So after well over 40+years, I will continue to amass points/miles with card options….rarely paying for flights. And there are still sweet spots around if you know where to look.
    Luckily perhaps, I can still get 2xJ long-haul awards per annum for the foreseeable future. Good luck everyone

  • Nick says:

    OT – me and my partner recently flew LHR to Vancouver business class (a350) and when we boarded seat controls for my partners seat where broken. Crew did a seat reset at the gate but still was broken. Informed flight was full so could not have a new seat and no time to get it fixed and crew could manually adjust to bed if needed. At end of flight someone came and took all details and said they reported it to BA and someone will contact us – haven’t heard anything since then and it’s almost three weeks. Worth chasing this up with them?

    As an added finesse they also lost my bag on the return, still waiting for my bag.

    Cash tickets if it makes any difference vs Avios ones

  • Peter K says:

    But it all depends on where you want to fly to.
    Which other one world airline flies direct to many places in Europe from the UK?
    Does Qatar fly direct from the UK to the US / Caribbean/Maldives/South Africa etc?

    I’m not saying BA is the best, but just because in your circumstances there is another clear alternative, it doesn’t mean there is for everyone.

    • Peter K says:

      That’s a reply to an earlier post, but the point stands. BA are making negative changes, and the direction of travel is not good, but they know that they have the advantage of direct flights long and short haul.

      • AL says:

        There comes a point, when BA service isn’t justifiable to fly them any more. I make no secret that I’m no BA fan (despite being OWE via BAEC), and if they keep going down the routes that annoy people like me, and encouraging others to become annoyed, then – on the short haul routes, at least – they’ll face stiff competition from the likes of U2.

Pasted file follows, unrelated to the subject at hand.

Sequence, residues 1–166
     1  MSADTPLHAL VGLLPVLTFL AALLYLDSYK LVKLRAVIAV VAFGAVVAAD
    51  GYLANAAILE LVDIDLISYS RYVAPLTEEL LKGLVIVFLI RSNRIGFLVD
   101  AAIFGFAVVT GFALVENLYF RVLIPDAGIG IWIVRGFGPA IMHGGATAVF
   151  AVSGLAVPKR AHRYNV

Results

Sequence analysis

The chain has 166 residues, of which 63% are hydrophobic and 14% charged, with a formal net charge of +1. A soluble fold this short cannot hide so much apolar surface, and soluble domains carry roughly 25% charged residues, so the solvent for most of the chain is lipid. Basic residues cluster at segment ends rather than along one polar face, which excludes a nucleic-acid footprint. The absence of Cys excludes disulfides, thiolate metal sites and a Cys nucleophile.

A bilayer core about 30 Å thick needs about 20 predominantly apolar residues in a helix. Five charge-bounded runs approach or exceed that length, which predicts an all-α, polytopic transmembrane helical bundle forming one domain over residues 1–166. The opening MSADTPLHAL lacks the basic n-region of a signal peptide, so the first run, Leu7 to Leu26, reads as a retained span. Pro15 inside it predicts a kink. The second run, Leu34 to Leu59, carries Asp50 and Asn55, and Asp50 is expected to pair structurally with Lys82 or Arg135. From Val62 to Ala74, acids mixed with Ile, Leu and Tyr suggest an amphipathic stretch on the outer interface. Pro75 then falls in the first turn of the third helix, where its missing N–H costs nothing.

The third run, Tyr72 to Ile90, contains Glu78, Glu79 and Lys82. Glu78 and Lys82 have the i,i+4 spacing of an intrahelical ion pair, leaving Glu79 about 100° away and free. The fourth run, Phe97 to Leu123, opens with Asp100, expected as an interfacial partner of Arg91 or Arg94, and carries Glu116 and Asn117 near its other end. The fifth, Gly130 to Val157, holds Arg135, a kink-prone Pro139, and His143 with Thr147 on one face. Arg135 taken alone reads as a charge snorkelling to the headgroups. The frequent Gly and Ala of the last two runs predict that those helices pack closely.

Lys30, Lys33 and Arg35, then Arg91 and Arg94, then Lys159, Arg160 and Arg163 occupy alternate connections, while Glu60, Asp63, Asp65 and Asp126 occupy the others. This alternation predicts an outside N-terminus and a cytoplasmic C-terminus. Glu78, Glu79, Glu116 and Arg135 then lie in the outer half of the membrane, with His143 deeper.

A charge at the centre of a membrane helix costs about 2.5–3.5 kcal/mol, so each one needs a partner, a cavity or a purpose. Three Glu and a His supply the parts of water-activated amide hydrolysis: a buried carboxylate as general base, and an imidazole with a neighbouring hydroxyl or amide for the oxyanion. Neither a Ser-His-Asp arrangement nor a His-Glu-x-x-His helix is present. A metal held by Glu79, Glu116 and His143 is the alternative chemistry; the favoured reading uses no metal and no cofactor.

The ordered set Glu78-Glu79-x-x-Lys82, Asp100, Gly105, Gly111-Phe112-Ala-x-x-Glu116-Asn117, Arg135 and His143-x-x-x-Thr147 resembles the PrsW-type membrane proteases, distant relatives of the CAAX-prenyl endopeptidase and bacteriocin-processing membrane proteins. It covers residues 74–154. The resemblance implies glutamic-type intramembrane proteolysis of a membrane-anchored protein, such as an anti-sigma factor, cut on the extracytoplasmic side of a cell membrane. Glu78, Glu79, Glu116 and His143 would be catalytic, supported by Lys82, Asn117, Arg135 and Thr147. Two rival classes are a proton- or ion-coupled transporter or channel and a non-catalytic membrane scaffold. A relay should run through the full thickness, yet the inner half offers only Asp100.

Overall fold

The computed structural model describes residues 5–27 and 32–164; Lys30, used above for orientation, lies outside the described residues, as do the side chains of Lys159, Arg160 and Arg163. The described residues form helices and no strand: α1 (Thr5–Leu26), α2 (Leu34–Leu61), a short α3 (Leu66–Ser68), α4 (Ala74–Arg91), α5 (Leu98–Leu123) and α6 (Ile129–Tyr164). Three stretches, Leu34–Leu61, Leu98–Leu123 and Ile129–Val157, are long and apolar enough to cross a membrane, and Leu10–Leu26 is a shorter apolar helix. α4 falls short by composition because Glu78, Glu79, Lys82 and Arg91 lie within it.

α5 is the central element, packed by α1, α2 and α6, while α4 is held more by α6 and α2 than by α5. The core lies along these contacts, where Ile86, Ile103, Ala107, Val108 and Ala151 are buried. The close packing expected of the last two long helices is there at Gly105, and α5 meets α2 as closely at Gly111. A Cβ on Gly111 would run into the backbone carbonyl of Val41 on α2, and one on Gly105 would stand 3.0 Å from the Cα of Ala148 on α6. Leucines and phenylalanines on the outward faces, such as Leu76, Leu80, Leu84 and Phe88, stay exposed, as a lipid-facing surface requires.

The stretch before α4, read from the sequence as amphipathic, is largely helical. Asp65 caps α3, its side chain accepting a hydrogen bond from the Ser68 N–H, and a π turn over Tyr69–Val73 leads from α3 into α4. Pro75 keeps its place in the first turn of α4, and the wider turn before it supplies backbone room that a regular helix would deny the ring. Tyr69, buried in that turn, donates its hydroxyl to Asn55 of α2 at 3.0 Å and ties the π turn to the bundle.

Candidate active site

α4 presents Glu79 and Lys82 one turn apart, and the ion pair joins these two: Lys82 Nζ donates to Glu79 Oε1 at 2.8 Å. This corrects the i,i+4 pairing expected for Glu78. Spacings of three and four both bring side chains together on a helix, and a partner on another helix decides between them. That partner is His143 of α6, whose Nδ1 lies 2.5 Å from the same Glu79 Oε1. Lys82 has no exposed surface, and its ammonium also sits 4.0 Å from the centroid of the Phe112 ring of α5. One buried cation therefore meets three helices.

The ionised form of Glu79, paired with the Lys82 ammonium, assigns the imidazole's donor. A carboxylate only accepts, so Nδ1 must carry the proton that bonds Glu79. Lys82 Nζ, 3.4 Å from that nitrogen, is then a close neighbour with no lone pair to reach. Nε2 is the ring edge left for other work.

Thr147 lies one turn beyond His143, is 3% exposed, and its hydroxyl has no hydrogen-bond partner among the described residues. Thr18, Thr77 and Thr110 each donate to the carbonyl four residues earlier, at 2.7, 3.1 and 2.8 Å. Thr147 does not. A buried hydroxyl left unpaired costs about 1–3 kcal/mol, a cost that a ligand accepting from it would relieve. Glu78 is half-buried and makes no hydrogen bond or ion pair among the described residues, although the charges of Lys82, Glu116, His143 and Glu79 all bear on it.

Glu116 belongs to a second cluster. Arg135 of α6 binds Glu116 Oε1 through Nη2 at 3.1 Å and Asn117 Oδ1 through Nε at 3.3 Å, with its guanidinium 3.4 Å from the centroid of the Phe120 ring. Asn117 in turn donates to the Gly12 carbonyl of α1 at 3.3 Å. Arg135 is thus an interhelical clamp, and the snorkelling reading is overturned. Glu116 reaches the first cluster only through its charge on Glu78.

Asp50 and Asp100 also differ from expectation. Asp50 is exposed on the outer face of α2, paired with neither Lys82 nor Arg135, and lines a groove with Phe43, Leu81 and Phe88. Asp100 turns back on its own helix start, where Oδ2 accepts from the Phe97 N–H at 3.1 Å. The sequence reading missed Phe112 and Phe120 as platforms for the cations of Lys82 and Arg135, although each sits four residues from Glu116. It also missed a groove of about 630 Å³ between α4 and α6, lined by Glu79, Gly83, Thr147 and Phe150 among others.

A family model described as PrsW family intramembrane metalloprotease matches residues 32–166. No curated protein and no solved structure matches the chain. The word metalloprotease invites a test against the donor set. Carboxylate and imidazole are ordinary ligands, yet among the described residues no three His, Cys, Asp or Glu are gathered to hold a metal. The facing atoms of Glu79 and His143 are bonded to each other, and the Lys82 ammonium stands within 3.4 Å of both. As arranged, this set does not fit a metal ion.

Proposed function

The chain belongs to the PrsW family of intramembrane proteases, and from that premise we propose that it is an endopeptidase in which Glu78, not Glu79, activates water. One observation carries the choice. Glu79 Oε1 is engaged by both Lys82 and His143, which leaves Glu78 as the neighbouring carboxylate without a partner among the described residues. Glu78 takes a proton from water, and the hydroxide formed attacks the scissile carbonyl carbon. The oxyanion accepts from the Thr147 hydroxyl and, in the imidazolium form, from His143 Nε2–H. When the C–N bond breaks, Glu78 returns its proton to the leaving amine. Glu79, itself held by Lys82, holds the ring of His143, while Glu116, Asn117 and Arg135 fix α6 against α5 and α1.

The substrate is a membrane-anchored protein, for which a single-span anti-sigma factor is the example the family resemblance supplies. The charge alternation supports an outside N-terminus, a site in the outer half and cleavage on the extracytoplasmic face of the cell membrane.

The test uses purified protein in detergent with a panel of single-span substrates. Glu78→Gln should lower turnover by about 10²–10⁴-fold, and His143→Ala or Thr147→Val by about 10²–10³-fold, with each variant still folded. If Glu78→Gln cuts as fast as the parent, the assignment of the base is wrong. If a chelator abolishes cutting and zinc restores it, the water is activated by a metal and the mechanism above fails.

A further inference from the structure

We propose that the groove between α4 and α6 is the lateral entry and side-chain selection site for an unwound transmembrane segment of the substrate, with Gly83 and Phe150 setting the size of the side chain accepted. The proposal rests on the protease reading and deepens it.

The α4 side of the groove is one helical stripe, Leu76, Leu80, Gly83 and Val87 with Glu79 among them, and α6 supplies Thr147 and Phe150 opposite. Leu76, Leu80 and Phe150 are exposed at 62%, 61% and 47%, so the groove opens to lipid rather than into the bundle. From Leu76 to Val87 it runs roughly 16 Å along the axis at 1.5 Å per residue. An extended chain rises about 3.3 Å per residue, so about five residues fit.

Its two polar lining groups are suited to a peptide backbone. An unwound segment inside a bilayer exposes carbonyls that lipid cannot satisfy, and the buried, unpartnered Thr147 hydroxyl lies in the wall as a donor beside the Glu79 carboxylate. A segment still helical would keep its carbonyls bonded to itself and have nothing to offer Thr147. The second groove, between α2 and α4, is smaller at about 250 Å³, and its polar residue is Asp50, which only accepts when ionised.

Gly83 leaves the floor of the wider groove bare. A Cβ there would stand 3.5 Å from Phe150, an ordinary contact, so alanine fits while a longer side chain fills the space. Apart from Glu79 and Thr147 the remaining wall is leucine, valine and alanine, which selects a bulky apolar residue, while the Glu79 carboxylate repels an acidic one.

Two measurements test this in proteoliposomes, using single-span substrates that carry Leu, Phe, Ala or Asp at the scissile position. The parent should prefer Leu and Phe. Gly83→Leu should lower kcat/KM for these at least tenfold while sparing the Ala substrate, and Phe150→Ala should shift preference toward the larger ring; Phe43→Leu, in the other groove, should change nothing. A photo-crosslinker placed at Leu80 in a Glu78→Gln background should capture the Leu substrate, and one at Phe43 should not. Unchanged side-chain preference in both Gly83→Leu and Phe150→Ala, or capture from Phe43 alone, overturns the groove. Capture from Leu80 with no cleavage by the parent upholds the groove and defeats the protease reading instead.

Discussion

• meta says:

          And actually it’s incorrect that there is only BA that has direct services both on short-haul and long-haul. BA removed a lot of long-haul destinations to Asia because they became unviable, but other airlines still fly them – such as Bangkok (Thai, Eva), Kuala Lumpur (Malaysia). And then they have competition to China (many options), Tokyo (JAL, ANA) and the list goes on.

          Avios collecting skews perspective unfortunately. None of my friends and colleagues rely on BA’s network or are actually collecting Avios.

  • Antony Savvas says:

    Just as I become a BA Gold member for the first time next month, I’m rewarded with a 50% cut in the Avios status bonus from October. I won’t be killing myself to retain it for next year.

    As someone who currently starts their long-haul and short-haul business trips from Newcastle and Manchester via Heathrow, it would be quite easy for me to retain BA Silver and also quickly build up status with KLM/Air France who offer direct flights to Europe from all the UK regional airports – unlike BA.

    The organisations that book and pay for my flights often try and get me to fly to Amsterdam from Manchester and Newcastle to reach Europe or North America, because it’s nearly always cheaper with KLM. But I choose BA because I want to retain and build status.

    This may well change now depending on how these BA Avios changes affect my Avios earning.

  • BA Gold member says:

    Another kicker to the recent changes – it appears that BA have dramatically reduced the reward seat availability in Business for single seats in favour of a pair booked using a an Amex Companion Voucher. Has anyone else experienced this? You can only earn one Companion Voucher each year so this seems like a massive step backwards for Gold card holders.

    • Rob says:

      That’s not the case, it’s just that a 241 with a BAPP can book into I-class cash availability in Business (when 8ish I-class are there) which massively increases availability, esp from the regions.

      Nothing has changed. It used to be impossible to get Sydney. You CAN now get Sydney virtually whenever you want as long as you start in Newcastle, Glasgow, Edinburgh etc and book 3-6 months out. Still virtually impossible without the extra 241 availability but as this comes out of a cash bucket it shouldn’t change what the rest see.

      • BA Gold member says:

        Thanks for the explanation – but it still doesn’t make sense to me that I can now see Rewards availability on a route for two pax using a Companion Voucher but that disappears if I try to book the same flight for one.

This article is closed to new comments. Feel free to ask your question in the HfP forums.